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Old    Steve (skongolf)      Join Date: Aug 2009       03-29-2010, 12:03 PM Reply   
I need to do some trailerwork, and am trying to find out how some of you have gotten your boat off your trailers without putting it in water. Actually saw a post of a guys boat on a auto lift, but only showed the back end. I want to swap out my axle since I have a bad spindle and possibly repaint the the whole trailer and re do bunks while I am at it. I figure I can probly do almost everything in a week or less, but to get a wet slip around here is going to cost around $250 just for a week. If anyone can give me some tips I would appreciate it and pics would deffinately help. I have an i/o btw so the rear end is not quite as flat as a true v drive boat.
Old    Nacho (denverd1)      Join Date: May 2004       03-29-2010, 1:04 PM Reply   
Are there any lift rings on your boat?
Old    Steve (skongolf)      Join Date: Aug 2009       03-29-2010, 1:21 PM Reply   
Quote:
Originally Posted by denverd1 View Post
Are there any lift rings on your boat?
Unfortunately no.
Old    Alan Slabaugh (alans)      Join Date: Aug 2005       03-29-2010, 1:33 PM Reply   
Level ground, good jack, a few short 4x4's, a second person, and about an hour
Old    Jason Delmage (delmage171)      Join Date: Mar 2008       03-29-2010, 1:49 PM Reply   
this worked well!
Attached Images
  
Old    Dwight Kinley (beretta5spd)      Join Date: Jan 2010       03-29-2010, 1:56 PM Reply   
that right there is awesome
Old    Tuneman (tuneman)      Join Date: Mar 2002       03-29-2010, 2:06 PM Reply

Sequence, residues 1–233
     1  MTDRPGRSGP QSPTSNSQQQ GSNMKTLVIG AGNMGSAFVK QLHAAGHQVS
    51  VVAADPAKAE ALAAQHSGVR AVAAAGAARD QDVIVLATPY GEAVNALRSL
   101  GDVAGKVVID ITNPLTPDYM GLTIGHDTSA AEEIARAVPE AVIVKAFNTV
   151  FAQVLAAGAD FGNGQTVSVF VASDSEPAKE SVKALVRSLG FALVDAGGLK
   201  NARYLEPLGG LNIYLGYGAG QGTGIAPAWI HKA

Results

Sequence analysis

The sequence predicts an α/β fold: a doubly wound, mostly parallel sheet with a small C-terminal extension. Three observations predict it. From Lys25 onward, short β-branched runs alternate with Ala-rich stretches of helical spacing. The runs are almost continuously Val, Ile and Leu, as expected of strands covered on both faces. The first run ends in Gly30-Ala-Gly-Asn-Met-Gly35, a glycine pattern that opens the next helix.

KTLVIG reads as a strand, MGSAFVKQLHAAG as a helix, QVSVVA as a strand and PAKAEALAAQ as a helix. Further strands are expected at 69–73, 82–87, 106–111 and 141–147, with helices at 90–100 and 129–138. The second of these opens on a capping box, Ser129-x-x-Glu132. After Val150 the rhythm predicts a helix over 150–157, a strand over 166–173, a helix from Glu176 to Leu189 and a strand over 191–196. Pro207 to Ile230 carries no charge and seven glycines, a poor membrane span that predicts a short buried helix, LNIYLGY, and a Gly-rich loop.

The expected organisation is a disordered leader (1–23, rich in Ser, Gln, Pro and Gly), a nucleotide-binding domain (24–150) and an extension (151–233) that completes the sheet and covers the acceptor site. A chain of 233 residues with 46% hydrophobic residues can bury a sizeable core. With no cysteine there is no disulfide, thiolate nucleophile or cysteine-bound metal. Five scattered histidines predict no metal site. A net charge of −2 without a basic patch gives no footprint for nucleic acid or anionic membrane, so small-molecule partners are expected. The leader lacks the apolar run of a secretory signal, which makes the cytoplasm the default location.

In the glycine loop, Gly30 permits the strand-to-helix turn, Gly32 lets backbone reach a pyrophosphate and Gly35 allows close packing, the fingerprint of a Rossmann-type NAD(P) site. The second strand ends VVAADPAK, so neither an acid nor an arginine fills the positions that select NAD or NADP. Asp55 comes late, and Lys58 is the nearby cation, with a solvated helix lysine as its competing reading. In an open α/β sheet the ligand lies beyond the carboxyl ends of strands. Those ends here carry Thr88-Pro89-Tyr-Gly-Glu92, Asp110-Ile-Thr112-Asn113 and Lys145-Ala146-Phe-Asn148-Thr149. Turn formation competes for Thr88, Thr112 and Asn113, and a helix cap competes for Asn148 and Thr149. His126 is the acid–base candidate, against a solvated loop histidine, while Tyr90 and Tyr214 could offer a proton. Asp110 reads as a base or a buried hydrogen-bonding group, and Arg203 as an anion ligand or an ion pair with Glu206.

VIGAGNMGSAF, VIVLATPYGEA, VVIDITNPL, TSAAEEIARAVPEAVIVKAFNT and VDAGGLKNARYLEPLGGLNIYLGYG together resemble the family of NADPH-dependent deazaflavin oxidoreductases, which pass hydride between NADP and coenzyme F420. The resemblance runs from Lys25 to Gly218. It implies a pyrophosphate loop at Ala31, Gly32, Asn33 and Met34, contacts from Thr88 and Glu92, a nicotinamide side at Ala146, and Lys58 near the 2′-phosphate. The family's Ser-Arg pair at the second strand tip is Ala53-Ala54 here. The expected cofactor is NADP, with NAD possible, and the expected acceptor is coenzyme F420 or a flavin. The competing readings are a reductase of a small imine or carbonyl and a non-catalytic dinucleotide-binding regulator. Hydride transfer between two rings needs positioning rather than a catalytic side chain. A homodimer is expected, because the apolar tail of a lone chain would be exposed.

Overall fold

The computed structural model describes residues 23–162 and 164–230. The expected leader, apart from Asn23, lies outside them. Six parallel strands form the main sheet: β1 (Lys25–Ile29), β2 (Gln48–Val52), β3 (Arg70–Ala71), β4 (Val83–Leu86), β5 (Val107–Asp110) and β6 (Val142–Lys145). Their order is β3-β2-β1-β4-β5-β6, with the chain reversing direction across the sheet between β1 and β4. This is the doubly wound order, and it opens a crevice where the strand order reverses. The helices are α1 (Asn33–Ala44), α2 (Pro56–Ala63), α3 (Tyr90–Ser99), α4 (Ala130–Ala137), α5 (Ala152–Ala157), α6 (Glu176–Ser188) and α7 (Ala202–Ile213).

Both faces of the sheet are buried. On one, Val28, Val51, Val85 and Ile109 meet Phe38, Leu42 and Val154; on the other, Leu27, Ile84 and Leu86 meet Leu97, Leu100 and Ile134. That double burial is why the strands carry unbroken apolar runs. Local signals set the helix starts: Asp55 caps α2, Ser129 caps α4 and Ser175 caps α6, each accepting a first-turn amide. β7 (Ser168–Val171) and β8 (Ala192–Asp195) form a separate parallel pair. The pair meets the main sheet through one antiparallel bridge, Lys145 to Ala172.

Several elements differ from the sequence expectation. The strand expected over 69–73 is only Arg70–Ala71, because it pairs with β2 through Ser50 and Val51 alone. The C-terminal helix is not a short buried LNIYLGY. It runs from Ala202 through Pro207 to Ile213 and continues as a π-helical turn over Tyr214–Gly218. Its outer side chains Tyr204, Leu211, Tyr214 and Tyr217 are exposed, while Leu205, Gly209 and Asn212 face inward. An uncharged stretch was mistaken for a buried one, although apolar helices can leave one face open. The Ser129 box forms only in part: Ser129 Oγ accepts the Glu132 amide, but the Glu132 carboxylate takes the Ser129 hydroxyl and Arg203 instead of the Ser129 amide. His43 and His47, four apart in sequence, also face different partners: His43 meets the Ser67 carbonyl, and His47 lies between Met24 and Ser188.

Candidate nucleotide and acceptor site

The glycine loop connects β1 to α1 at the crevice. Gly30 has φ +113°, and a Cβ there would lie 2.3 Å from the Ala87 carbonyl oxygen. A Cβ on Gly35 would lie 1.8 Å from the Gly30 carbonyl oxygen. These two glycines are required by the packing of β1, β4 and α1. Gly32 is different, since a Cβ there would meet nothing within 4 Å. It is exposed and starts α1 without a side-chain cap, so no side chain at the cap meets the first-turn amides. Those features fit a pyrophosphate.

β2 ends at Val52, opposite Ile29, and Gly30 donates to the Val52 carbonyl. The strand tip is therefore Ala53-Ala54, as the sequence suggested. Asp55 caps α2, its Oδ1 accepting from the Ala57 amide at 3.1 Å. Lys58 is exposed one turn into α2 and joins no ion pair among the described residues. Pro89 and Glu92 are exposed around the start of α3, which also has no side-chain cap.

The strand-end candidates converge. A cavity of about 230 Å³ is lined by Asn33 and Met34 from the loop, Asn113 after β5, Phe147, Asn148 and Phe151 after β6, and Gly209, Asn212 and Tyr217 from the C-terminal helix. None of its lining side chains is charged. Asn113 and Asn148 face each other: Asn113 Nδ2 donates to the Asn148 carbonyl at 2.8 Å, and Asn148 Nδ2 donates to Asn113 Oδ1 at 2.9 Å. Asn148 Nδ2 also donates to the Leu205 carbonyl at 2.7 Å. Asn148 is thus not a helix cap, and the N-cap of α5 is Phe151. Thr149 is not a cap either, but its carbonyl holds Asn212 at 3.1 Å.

Go to your local inboard boat dealer, or marina, and have them lift the boat and hold it for you until you fix the trailer. Very likely to cost you a few dollars, but better to have it done correctly.
Old    J B (bjeremi)      Join Date: Mar 2006       03-29-2010, 2:08 PM Reply   
Alan, want to elaborate?
Old    Alan Slabaugh (alans)      Join Date: Aug 2005       03-29-2010, 2:25 PM Reply   
Basically,

1. jack up the stern, block up the two corners

2. Jack up the bow, block up the keel.

3. move the trailer a foot or so, until a cross member gets close to the blocks.

4. jack up the bow again, move the blocks to the other side of the cross members.

5. Repeat until the trailer is out.

That is how we did it at boat shows when we didn't have fork lifts of tractors.
Old    Steve (skongolf)      Join Date: Aug 2009       03-29-2010, 2:43 PM Reply   
Quote:
Originally Posted by delmage171 View Post
this worked well!
What did u use for the wedge on the front supports? I am hoping I may be able to do this at my schools auto shop.
Old    Sparky Jay (wake_upppp)      Join Date: Nov 2003       03-29-2010, 5:49 PM Reply